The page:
ST JOAN of Arc, the ‘Maid of Orleans’, is one of history’s greatest heroines. A mystic who led an army into battle at the age of 17 after receiving heavenly messages from Saints Michael, Margaret and Catherine, her intervention in the Hundred Years’ War came at a moment which proved pivotal in the liberation of France from English domination. So they punished her with a show trial and by burning her as a witch in the market place in Rouen in 1431. She was just 19.
Joan was canonised in 1920 and is a patron saint of the French – their St George. Pope Benedict XVI, preaching about her life in 2011, declared her to be not only one of the ‘strong women’ who ‘fearlessly bore the great light of the Gospel in the complex events of history’ but said that she was also a person like ‘the holy women who stayed on Calvary, close to the Crucified Jesus and to Mary his Mother, while the Apostles had fled and Peter himself had denied him three times’. From a Roman Pontiff, it is difficult to imagine higher praise for any woman than this.
Shakespeare’s Globe Theatre in London will, however, from Thursday stage a production called I, Joan, which chooses to imagine the saint in a very different way. The team were evidently excited by St Joan’s attire in battle. Like men, she wore armour – though for protection rather than as a statement of sexual identity, a point I fear has been missed by the writers, who have chosen to portray a woman who was consecrated in virginity to God as a non-binary ‘queer’ who refers to herself using ‘they/them’ pronouns.
The play is by Charlie Josephine, a self-professed ‘non-binary’ person who promises a ‘big sweaty, queer, revolution, rebellion, festival of, like, joy’. It comes amid a broader global drive to promote LGBTQ themes in the performing arts. It follows, for example, the recent announcement by Roundabout Theatre on Broadway of an international tour of the celebrated musical 1776 with the Founding Fathers of the American Revolution portrayed exclusively by ‘actors who identify as female, transgender, and non-binary’.
The decision to recast St Joan as a gender ideologue has attracted criticism, notably from J K Rowling, the bête noire of transsexual revolutionaries. She described the depiction of the saint as ‘insulting and damaging’. Women from across the political spectrum share her opinions. They include, for instance, the former Conservative Minister Ann Widdecombe, a Catholic, who accused the Globe of ‘de-womanising’ St Joan in a ‘farce beyond measure’.
The backlash has prompted Michelle Terry, the artistic director of the Globe, to defend the production by arguing that theatre is about story-telling rather than ‘historical reality’.
‘Theatres produce plays, and in plays, anything can be possible,’ she said. ‘Shakespeare did not write historically accurate plays. He took figures of the past to ask questions about the world around him. Our writers of today are doing no different, whether that’s looking at Anne Boleyn, Nell Gwyn, Emilia Bassano, Edward II or Joan of Arc.
‘The Globe is a place of imagination. A place where, for a brief amount of time, we can at least consider the possibility of worlds elsewhere. We have had entire storms take place on stage, the sinking of ships, twins who look nothing alike being believable, and even a queen of the fairies falling in love with a donkey.’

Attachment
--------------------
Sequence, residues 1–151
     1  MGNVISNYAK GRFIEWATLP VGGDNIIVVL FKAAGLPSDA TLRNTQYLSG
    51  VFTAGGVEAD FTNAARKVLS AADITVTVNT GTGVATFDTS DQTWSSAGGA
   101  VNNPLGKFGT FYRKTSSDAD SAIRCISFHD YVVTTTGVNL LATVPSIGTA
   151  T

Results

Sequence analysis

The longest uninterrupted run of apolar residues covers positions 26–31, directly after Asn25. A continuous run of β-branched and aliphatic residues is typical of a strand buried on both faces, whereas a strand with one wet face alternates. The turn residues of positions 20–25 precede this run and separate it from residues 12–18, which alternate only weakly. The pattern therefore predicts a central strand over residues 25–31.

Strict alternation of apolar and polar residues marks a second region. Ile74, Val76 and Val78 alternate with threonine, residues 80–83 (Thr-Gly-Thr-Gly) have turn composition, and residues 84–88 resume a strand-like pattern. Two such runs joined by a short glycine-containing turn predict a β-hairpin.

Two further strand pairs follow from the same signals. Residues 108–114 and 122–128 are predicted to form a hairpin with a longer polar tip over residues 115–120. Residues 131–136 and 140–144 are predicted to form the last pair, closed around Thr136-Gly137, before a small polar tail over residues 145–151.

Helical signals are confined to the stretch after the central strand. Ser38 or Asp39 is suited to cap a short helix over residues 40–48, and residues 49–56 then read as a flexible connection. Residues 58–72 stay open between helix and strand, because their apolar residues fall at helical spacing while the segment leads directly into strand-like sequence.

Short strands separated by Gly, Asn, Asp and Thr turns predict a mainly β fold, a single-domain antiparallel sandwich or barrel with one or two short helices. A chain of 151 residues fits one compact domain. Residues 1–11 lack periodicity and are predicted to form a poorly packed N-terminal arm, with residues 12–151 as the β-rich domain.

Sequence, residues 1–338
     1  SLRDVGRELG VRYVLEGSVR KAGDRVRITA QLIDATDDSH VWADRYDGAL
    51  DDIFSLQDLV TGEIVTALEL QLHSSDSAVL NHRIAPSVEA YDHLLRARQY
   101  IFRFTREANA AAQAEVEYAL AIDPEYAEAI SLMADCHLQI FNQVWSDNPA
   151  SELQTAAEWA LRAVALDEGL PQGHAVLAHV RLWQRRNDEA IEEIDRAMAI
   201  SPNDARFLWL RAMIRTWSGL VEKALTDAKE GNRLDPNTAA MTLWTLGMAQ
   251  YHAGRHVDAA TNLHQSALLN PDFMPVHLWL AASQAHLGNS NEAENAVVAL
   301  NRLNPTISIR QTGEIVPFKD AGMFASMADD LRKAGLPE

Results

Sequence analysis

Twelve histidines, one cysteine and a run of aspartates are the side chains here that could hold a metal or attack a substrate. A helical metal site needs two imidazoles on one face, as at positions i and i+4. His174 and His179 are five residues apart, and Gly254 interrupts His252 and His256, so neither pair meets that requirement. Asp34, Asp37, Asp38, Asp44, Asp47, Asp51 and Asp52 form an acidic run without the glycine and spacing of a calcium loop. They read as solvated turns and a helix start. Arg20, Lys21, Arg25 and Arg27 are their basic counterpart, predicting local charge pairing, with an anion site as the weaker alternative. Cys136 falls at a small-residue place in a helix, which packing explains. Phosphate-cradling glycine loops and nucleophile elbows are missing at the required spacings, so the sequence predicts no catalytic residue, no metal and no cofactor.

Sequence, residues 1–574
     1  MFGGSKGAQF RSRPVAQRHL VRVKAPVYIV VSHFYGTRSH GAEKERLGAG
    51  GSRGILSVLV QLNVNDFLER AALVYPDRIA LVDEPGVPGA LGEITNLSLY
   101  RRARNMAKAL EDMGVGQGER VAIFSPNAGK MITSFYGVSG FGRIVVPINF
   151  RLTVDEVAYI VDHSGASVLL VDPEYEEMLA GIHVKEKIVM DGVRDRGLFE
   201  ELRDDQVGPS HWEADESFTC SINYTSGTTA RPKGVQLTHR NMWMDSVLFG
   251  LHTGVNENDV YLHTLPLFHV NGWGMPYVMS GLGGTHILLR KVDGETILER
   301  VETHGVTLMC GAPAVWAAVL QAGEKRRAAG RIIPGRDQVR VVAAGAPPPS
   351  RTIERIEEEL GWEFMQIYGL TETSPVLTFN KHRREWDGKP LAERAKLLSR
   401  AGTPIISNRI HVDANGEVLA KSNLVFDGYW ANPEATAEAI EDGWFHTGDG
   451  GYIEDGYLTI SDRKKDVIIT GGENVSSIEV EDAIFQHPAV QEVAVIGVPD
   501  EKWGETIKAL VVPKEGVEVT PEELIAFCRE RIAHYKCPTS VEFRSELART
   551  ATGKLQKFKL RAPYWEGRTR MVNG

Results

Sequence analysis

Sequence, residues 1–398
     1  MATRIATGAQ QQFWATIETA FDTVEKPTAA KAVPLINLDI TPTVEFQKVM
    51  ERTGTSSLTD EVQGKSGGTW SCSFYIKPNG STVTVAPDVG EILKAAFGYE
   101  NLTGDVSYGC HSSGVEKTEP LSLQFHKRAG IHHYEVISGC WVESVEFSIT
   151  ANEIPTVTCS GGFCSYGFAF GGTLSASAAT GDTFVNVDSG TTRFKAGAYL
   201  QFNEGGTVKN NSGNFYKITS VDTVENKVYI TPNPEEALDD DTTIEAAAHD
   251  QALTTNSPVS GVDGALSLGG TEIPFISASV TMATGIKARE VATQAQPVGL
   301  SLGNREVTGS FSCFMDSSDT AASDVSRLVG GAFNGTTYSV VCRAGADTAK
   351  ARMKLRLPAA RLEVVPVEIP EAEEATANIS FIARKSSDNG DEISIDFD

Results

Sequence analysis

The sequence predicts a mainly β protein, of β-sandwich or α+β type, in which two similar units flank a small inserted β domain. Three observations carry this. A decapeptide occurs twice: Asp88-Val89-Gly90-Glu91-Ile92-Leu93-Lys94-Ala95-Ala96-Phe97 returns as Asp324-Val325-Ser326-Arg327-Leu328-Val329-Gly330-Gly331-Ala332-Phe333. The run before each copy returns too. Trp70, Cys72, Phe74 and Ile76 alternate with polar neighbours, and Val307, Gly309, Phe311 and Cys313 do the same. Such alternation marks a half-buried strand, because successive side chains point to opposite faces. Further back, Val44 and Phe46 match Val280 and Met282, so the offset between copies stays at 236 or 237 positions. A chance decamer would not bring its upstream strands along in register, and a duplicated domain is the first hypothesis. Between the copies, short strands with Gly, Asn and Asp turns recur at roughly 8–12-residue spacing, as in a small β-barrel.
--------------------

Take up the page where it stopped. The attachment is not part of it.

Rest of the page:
She added: ‘Shakespeare was not afraid of discomfort, and neither is the Globe.’
It was wise for the Globe to surrender any claim to historical accuracy because St Joan clearly was by no means a non-binary gender ideologue of the early 21st century.
Listen to her words: ‘I entrust myself to God my Creator, I love him with my whole heart.’ They reveal that not only does she see herself as a deeply religious woman, but she sees God – embodied in the person of Jesus Christ – as a man. She was very ‘cis’ and ‘heteronormative’ indeed; a strange choice for a trans-heroine.
This is of course the point of the exercise. It is all about hijacking heroic figures for the next cycle of the sexual revolution. What it is not about is dramatic licence or the right to cast historic figures in fanciful lights for the sake of a good story. Freedoms of speech and expression are no longer any use to those advancing the emerging new anthropologies, just things to be derided, scorned and crushed. So until the time comes when villains are also cast as non-binary figures, surely the only sensible course of action is to treat such productions as propaganda worthy only of totalitarian regimes.
I would love the Globe or the Roundabout Theatre to prove me wrong. I’d even be happy to help them. So here’s a challenge: what about a production about the Roman Emperor Nero? He is acknowledged as one of the most evil men in history. He murdered his mother, raped and murdered his brother, decapitated his first wife and gave her head to his mistress as a trophy before marrying her and kicking her to death when she was heavily pregnant. Regretting his murder of wife number two, Nero then procured a boy who looked just like her but castrated him to retain his youthful looks before giving him his wife’s name and marrying him too. He offered riches to anyone able to give his catamite a full sex change, including the successful implantation of a uterus. And this was just his private life.
Nero presents the example of a very contemporary man/woman/thing with new and exciting things to say about children’s rights, sexual liberation, no-fault divorce, abortion rights, trans rights, gay marriage and gay families – surely all vitally important causes. The theatres would have the additional defence that they lack in their depictions of St Joan of Arc and all the others who will follow her in the re-writing of history, because in the case of Nero all of these deeds were recorded as true. I can’t wait.